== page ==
Have students watch the video, “Fears of civil war in Cote d’Ivoire,” Al Jazeera, March 14, 2010, to get a sense of the violence that has permeated daily life in Abidjan and throughout the country.

On April 22, 2011, Pulitzer Center journalist, Peter DiCampo, in collaboration with Doctors Without Borders, sent this audio slideshow depicting the brutal post-election violence in western Ivory Coast: “Ivory Coast Violence: Testimonies of the Displaced.”

Once students understand the post-election conditions in the Ivory Coast, ask them to watch the interview, “Thousands flee Cote d’Ivoire violence,” Al Jazeera, March 20, 2011, to gain an understanding of the life of Ivorian refugees living in Liberia.

After they view the interview, have them consider the following questions:

  • What challenges do refugees in Liberia face?
  • Given the violence across the Ivory Coast, why don’t more victims of the violence move to refugee camps in Liberia?
  • How do the conditions in the camps compare to life in the Ivory Coast? How do the conditions compare to life in the United States?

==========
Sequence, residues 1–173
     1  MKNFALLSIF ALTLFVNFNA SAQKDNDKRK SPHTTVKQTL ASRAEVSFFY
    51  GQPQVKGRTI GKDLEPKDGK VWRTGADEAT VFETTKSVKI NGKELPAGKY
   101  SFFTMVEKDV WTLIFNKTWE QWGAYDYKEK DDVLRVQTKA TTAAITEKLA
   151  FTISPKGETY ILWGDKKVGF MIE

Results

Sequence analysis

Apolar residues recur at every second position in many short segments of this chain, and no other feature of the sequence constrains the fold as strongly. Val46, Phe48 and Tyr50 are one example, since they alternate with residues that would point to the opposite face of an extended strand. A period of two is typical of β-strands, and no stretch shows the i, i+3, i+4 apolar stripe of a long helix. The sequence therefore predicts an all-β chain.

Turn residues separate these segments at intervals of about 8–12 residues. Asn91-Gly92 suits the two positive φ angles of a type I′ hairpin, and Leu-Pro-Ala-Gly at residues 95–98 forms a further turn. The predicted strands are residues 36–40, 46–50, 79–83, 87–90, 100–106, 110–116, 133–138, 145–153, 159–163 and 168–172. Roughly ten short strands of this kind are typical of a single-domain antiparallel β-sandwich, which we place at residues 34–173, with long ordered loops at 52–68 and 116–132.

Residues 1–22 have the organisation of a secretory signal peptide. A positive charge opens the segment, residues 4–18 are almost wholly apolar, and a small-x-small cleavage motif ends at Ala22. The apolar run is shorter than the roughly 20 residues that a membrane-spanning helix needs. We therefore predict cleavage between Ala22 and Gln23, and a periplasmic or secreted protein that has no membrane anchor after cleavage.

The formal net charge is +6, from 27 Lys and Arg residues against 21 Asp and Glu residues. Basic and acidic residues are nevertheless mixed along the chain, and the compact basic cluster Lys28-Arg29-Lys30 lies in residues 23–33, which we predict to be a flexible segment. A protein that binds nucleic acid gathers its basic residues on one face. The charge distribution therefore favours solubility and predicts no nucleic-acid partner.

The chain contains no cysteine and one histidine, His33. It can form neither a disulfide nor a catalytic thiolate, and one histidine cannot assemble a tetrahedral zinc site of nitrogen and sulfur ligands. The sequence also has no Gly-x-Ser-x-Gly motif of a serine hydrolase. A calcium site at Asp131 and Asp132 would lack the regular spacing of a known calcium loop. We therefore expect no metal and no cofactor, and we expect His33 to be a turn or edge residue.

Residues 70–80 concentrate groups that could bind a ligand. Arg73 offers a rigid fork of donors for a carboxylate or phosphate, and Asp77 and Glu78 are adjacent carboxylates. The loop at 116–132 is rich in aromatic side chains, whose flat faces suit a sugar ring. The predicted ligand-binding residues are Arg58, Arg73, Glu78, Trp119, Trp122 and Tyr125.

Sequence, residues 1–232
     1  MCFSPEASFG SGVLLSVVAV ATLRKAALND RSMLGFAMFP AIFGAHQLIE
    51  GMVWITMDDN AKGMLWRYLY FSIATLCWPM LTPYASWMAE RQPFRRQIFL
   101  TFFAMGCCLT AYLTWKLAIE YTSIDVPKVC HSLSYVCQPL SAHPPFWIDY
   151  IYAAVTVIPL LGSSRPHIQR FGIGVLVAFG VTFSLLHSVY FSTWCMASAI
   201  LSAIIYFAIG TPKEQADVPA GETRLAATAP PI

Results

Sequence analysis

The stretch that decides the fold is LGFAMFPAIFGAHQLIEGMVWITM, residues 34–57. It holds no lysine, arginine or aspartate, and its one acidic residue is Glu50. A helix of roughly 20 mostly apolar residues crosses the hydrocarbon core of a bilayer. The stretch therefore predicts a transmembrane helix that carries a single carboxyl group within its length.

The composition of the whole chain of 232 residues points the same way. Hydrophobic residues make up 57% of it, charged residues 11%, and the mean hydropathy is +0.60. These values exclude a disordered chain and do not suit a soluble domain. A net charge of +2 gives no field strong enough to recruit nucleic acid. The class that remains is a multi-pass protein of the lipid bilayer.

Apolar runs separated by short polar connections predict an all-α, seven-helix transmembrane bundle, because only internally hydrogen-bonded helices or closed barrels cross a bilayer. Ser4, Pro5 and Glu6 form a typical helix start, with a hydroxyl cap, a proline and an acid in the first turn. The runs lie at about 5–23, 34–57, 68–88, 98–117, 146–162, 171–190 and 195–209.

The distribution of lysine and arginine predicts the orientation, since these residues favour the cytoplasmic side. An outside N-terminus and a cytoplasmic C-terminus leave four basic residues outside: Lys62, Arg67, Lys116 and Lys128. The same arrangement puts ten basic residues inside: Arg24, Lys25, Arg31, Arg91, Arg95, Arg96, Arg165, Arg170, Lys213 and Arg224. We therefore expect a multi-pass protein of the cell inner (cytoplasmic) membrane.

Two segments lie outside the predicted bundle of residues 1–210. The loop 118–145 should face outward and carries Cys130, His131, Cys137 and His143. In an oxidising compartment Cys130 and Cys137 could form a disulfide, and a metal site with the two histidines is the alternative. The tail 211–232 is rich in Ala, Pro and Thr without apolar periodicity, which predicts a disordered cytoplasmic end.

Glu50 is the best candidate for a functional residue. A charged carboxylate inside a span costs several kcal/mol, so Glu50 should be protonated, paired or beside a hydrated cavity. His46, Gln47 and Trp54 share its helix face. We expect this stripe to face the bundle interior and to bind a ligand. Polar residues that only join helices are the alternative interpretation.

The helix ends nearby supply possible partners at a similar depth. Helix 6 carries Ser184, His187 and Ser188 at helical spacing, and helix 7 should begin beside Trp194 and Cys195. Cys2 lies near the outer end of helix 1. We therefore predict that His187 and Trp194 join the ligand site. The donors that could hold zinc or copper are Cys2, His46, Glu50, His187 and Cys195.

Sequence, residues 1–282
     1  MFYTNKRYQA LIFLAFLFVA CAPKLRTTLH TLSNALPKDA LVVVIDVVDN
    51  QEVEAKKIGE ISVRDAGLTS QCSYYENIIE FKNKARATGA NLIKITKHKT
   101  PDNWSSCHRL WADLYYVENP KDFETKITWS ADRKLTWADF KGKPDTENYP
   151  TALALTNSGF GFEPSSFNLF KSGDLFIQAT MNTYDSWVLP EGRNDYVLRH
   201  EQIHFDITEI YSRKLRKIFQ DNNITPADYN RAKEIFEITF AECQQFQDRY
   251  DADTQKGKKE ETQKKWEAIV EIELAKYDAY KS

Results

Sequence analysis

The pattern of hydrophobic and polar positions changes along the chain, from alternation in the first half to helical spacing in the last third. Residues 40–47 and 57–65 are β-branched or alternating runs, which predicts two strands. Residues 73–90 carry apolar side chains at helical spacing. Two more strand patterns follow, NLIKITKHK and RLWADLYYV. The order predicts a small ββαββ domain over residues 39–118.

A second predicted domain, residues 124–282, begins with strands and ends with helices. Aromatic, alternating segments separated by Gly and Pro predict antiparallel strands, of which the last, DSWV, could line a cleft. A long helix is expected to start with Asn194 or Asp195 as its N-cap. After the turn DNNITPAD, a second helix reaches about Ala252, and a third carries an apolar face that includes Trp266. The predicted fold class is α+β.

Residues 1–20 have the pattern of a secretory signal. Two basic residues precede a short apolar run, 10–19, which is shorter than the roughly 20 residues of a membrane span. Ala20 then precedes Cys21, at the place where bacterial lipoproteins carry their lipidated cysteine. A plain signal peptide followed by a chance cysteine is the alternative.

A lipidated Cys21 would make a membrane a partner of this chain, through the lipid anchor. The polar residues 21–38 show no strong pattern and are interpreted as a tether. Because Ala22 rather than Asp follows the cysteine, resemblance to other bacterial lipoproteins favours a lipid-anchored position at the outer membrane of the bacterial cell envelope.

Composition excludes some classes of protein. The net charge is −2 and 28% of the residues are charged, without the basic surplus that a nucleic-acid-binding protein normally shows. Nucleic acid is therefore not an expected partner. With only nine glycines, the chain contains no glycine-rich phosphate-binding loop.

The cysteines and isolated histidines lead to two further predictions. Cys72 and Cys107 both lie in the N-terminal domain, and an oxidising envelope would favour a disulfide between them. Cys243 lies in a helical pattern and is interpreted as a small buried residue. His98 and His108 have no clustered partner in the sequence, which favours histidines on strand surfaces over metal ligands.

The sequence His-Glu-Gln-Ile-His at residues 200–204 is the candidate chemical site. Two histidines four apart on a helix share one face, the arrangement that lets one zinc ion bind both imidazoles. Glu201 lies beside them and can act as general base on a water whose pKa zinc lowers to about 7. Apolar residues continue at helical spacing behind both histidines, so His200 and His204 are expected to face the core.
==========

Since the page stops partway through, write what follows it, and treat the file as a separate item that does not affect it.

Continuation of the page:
On April 12, Ivorian military forces arrested former President Gbagbo and installed Alassane Ouattara as the President of the Ivory Coast. Ask students to watch the following news clip, and read the article to better understand the events leading to Gbagbo’s arrest: “Ivorian leader promises reconciliation,” Al Jazeera, April 12, 2011.

The arrest of Laurent Gbagbo, and installation of Alassane Ouattara marks the end of the political uncertainty, but not the violence and ethnic and religious tensions that could result from nearly 6 months of civil war. Encourage students to consider some of issues still facing the Ivorian people, and brainstorm possible resolutions:

  • What will happen to the hundreds of thousands of refugees and internally displaced people?
  • Will the promised peace and reconciliation commission take place? If so, will it successfully bring peace to the Ivory Coast?
  • Will the unrest and violence that has permeated life in the Ivory Coast spread to neighboring countries as they enter elections this year?
  • Is it possible for the Ivory Coast to return to a period of peace and prosperity reminiscent of the era of the “Ivorian Miracle?" Why or why not?

This lesson serves as part of a larger classroom conversation on the events across North Africa and the Middle East in the spring of 2011, as well as upcoming elections in other Francophone African countries. It also offers classes the opportunity to discuss and explore the political systems in place in the United States that allow for a peaceful transition of power (e.g., the disputed election in 2000) as well as our own nation’s struggle with prejudice and discrimination of certain groups.